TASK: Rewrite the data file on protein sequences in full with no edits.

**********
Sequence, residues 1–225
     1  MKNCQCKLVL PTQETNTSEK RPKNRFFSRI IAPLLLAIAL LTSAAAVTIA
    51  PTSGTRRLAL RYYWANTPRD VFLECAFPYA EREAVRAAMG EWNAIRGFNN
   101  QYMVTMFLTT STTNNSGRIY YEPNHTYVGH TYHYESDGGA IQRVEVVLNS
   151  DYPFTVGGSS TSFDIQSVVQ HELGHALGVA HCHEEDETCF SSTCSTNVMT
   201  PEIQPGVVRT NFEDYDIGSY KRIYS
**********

Sequence, residues 1–225
     1  MKNCQCKLVL PTQETNTSEK RPKNRFFSRI IAPLLLAIAL LTSAAAVTIA
    51  PTSGTRRLAL RYYWANTPRD VFLECAFPYA EREAVRAAMG EWNAIRGFNN
   101  QYMVTMFLTT STTNNSGRIY YEPNHTYVGH TYHYESDGGA IQRVEVVLNS
   151  DYPFTVGGSS TSFDIQSVVQ HELGHALGVA HCHEEDETCF SSTCSTNVMT
   201  PEIQPGVVRT NFEDYDIGSY KRIYS